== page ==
New schools, explosive costs
When West Jordan's Oquirrh Elementary School burned down in 1995, it was rebuilt using a design the Jordan School District would use again and again. Compared with today's construction costs, it was also rebuilt at a fire-sale price.
As the first of its kind for the district's "repeat school" plan, the Oquirrh design was carried over to more than a dozen elementary schools. The same materials. The same number of square feet.
As such, the district's many elementary schools make an almost perfect illustration of just how much construction costs for Utah school districts have risen over the years. Jordan, the state's largest school district - at least until it splits in 2009 - isn't alone in coping with the escalating costs.
"I've spoken with architectural firms across the valley and they're saying the same thing," said Barry Newbold, Jordan School District superintendent.
When it was rebuilt in 1995, Oquirrh Elementary School cost the district $5.5 million said Randy Haslam, director of new construction for Jordan. Eight years later, the same building plan cost the district $7 million when it was used in Foothills and South Jordan elementary schools.
Five years later, however, that cost has more than doubled. Among the most recent construction projects the district completed, Falcon Ridge and Eastlake elementary schools cost a stunning $15 million each, Haslam said. The district blames the rising cost of materials brought on by the demands of a global economy coupled with the skyrocketing cost of land. "We're at the mercy of those changes," Haslam said.
Even if the slowing economy translates into fewer home sales and declining enrollment, however, Jordan school officials face the difficult task of estimating future costs of school construction for the remaining west-side district. That new schools are so much more expensive than in years past means that either Utah taxpayers face increased property taxes to foot the bills or see more children educated in year-round schools to make greater use of available square feet. In all likelihood, said Newbold, higher construction costs probably mean both.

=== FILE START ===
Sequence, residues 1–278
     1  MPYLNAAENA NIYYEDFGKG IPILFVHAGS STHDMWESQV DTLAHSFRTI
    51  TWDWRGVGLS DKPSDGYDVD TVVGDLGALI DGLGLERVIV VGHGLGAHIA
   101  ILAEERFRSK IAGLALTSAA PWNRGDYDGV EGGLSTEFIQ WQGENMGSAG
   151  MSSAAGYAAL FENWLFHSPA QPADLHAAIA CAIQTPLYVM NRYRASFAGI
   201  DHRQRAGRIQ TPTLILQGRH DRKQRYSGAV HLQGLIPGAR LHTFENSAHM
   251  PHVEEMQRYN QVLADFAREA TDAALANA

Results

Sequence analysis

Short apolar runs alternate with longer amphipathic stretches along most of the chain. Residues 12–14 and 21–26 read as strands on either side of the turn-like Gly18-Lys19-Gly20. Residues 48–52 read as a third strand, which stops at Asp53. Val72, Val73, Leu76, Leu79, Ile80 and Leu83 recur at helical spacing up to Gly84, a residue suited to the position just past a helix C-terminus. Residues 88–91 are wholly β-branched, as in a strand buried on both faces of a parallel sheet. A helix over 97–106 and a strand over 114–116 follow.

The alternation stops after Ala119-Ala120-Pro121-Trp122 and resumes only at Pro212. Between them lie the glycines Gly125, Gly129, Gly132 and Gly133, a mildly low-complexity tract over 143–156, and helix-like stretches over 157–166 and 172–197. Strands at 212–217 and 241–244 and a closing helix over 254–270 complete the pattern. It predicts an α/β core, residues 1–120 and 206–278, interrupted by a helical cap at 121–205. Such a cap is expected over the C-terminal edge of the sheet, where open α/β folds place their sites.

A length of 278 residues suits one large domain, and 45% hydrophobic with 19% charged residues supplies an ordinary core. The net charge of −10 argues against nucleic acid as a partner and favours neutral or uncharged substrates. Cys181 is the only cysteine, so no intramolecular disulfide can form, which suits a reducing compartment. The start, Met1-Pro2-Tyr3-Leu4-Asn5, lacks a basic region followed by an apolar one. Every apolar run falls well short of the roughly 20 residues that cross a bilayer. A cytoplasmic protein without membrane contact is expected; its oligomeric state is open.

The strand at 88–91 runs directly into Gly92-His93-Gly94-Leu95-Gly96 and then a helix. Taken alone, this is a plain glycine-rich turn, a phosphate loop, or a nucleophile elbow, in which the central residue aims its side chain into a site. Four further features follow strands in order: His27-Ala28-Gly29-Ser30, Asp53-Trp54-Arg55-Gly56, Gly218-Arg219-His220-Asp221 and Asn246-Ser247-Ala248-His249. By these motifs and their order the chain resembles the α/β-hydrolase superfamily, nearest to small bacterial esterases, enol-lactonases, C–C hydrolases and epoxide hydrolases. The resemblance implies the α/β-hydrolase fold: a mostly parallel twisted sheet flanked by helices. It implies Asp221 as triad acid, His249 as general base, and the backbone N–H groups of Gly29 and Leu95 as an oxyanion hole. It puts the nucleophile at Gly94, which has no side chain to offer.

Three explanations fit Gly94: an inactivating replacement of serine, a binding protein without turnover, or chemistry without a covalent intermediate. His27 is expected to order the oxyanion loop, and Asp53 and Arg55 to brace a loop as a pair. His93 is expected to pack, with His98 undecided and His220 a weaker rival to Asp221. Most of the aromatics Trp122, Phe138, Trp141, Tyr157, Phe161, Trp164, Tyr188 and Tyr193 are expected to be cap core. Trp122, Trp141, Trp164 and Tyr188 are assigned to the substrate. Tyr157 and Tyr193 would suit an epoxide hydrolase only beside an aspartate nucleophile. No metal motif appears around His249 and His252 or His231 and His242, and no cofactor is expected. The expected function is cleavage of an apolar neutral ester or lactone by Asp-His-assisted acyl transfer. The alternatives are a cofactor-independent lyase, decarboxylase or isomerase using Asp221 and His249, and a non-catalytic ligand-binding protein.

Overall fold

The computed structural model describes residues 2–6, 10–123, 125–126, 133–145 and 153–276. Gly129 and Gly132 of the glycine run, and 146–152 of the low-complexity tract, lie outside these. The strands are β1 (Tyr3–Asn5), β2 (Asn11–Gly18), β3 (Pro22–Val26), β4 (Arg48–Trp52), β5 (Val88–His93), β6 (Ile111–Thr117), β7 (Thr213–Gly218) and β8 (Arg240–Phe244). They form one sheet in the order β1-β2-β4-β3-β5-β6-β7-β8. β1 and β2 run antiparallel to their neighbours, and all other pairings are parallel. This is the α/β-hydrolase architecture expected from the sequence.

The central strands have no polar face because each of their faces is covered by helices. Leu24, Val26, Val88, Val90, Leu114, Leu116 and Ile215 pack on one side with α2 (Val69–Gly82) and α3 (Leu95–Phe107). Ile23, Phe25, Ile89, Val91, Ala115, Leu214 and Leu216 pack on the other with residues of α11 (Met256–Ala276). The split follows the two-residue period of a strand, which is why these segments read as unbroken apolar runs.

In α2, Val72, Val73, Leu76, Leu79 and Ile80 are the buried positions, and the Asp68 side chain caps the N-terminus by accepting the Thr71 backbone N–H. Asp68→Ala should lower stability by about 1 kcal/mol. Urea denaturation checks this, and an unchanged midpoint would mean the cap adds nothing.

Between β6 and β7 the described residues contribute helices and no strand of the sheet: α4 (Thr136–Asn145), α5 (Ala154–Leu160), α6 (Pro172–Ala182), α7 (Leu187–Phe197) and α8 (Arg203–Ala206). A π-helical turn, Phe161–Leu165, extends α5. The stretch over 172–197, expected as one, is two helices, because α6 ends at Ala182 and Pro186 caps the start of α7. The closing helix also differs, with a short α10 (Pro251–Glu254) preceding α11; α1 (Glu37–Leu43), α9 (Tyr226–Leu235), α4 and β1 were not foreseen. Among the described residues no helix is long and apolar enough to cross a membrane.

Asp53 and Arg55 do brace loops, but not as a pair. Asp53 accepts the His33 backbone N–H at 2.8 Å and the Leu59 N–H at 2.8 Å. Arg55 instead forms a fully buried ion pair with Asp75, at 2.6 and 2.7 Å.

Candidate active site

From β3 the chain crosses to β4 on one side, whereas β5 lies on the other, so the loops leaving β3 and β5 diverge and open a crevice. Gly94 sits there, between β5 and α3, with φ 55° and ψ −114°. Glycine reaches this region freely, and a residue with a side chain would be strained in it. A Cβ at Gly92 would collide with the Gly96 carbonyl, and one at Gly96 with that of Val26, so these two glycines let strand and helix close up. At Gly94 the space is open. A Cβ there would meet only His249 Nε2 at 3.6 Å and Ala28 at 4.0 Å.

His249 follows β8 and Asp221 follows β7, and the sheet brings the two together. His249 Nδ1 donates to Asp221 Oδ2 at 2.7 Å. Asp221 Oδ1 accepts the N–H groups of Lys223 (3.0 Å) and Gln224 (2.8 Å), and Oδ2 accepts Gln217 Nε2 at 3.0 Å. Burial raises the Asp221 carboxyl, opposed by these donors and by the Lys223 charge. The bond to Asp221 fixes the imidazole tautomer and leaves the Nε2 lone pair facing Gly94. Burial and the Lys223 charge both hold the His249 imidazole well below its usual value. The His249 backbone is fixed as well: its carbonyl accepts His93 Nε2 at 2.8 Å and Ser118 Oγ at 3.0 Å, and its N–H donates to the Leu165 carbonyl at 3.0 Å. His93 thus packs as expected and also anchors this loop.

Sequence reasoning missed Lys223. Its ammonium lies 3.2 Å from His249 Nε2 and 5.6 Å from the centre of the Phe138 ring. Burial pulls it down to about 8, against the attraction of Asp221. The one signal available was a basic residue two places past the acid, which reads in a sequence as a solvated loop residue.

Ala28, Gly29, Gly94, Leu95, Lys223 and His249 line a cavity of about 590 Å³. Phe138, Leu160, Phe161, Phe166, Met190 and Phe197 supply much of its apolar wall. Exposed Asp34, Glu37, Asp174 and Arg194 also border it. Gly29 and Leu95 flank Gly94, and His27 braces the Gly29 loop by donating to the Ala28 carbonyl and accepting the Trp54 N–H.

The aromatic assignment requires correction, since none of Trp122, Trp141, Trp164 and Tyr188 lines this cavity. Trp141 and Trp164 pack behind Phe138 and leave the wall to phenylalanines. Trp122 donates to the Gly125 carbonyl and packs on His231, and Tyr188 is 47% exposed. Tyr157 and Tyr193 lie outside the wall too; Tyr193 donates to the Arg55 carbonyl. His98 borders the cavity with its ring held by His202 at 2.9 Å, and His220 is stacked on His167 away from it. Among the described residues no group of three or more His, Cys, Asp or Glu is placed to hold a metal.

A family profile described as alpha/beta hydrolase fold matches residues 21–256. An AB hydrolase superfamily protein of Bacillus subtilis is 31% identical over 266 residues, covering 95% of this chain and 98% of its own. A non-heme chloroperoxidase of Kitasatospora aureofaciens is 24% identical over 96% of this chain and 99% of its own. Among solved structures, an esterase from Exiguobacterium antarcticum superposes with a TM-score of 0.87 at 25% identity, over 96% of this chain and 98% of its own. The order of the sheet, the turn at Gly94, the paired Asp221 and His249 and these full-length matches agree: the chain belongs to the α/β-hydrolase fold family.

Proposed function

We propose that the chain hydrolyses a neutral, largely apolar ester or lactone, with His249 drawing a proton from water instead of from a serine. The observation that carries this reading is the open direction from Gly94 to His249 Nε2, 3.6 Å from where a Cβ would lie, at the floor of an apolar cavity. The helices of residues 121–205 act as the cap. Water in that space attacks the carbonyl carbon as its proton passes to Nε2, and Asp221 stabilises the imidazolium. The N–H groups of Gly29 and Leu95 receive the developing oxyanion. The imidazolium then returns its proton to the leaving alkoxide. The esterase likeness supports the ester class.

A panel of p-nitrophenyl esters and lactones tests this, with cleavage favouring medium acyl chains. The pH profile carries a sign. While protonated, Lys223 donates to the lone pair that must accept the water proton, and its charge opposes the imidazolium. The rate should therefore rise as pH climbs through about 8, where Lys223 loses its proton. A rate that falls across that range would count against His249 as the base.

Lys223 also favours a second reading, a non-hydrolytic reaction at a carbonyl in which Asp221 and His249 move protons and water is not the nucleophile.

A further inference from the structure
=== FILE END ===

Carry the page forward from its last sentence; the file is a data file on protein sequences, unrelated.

"To fund new growth in the remaining district in the west for the next eight years, we're going to be over a billion dollars [in construction costs]," he said.
Haslam notes that all new schools being built by the district will open under year-round schedules in order to house 25 percent more students. The west-side district estimates increased enrollment of at least 20,000 more students by 2016. "The number of students we need to house is screaming for more buildings," he said.
Given the unstable price of construction materials, it's easier to build future district budgets around estimated costs as opposed to the number of schools needed.
Because of increases in the price of copper, electrical systems cost up to 200 percent or more of what they did five or six years ago, Newbold said. Gypsum used in drywall costs 80 to 90 percent more. Land bought in the past for $50,000 an acre now runs $300,000 an acre or more, thanks to companies who in the past bought large parcels.
"It's not that land isn't available, it's just available from fewer sources," he said. "It used to be that if someone didn't sell you land at the price you wanted, you could go a couple miles down the road and talk to someone who would."
For years, Jordan and other school districts enjoyed stable costs for most everything needed to build a school, land included. Between 1998 and 2003, in fact, the rate of inflation on construction costs hovered in the single digits, said Burke Jolley, deputy superintendent for business services at the Jordan School District. The increases began abruptly in 2004, the year after voters in the district approved a massive $196 million bond to fund school construction. The timing couldn't have been worse, because the bonding estimate was based on past costs, and resulted in the loss of two middle schools and an elementary school the district planned on building. "You just run out of money," Newbold said.
Creative approaches to building new schools help - to a point. Using a multi-level design traditionally reserved for middle and high schools, the district decided to build its first two-story elementary school with South Jordan's Eastlake Elementary in order to save on land costs.
"You don't save much on the building, because you still have to make code, which can be costly," Newbold said.
In the new age of pricey schools, though, every little bit helps. The district is already in the process of completing its next two-story elementary school in the Herriman area. "We're considering more and more of those kinds of schools," Newbold said.
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